In a single octagon appearance, Procházka managed to capture the imagination and interest of the entire MMA community at large with a virtuoso performance. Procházka walked down Reyes the entire fight, throwing strikes from offbeat angles, securing the knockout in the second round.
Reyes was no punching bag, managing to land several counters and an up-kick that may or may not have put Procházka’s lights out for a split second. Even so, the fight was notably one-sided, which came as a shock to even the most well-versed MMA enthusiasts. Now Procházka seems to be on a collision course with UFC light heavyweight champion Jan Blachowicz.
The fight itself was a beautiful chaos. What was clear in the aftermath is that the Czech professional mixed martial artist, former amateur Muay Thai kickboxer and current UFC title contender, is blazing a new trail in the light heavyweight division.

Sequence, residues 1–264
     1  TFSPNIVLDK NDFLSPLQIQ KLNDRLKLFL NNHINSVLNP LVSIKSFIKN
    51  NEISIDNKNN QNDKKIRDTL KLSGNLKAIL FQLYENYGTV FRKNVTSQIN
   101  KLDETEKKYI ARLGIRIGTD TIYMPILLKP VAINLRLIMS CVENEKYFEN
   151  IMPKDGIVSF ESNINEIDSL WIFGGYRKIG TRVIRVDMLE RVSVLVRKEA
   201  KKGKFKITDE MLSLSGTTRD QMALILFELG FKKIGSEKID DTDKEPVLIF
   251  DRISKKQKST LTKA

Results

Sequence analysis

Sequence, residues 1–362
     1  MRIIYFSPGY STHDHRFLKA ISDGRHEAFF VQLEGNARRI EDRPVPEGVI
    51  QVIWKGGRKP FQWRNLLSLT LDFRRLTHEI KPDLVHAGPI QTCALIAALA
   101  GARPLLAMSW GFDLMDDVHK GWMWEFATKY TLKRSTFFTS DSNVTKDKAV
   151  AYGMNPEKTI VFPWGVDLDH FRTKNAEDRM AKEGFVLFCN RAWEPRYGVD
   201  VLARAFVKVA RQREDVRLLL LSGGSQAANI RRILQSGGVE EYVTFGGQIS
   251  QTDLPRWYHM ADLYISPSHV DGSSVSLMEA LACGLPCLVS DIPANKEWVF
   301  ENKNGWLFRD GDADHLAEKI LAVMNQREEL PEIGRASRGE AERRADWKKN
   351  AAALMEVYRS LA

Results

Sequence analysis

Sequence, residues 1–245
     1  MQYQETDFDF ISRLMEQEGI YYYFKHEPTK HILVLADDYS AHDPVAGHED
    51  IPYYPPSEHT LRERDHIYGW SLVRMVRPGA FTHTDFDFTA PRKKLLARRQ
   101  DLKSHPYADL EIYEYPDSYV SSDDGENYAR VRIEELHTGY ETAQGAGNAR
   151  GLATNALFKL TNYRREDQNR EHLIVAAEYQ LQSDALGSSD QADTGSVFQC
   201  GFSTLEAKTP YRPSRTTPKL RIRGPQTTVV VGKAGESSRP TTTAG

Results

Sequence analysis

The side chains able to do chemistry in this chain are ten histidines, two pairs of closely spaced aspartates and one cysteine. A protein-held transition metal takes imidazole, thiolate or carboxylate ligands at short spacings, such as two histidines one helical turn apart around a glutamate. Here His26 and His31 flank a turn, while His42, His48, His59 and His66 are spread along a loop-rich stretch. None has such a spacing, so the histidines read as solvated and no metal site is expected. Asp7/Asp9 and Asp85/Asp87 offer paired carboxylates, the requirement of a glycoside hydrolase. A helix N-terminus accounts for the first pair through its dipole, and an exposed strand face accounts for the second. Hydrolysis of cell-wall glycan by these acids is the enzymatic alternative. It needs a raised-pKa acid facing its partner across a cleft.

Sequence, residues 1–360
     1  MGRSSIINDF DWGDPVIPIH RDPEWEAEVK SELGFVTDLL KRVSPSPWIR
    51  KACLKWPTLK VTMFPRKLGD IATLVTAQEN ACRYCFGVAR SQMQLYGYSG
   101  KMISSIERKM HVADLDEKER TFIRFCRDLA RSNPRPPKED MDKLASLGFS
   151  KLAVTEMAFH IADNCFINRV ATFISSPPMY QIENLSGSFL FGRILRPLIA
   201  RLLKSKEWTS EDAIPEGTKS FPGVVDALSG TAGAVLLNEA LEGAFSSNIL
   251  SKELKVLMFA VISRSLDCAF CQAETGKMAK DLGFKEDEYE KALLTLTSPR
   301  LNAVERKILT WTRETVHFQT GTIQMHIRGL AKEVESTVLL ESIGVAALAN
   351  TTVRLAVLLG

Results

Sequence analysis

Procházka: A Brief History Lesson
For Procházka to carry so much attention after only two UFC fights (2-0) is a pretty big deal, although not totally unprecedented. He carries a 28-3-1 record in MMA overall.
Before his fight with Reyes, Procházka had been a very active fighter, just outside of the public eye. Over the course of his unusual career in violence that started in 2012, Procházka would rise to become a Rizin FF Light Heavyweight Champion as well as a Czech GCF Light Heavyweight Champion.
Prior to his UFC career, Procházka’s run and reign was tested more than a few times. Perhaps Procházka’s most notable victory thus far (besides Reyes, of course) is when he defeated current Bellator light heavyweight champion Vadim Nemkov via TKO (retirement). The fact that Procházka took a guy like Nemkov into such deep waters that he could no longer go on should tell you something right off the bat.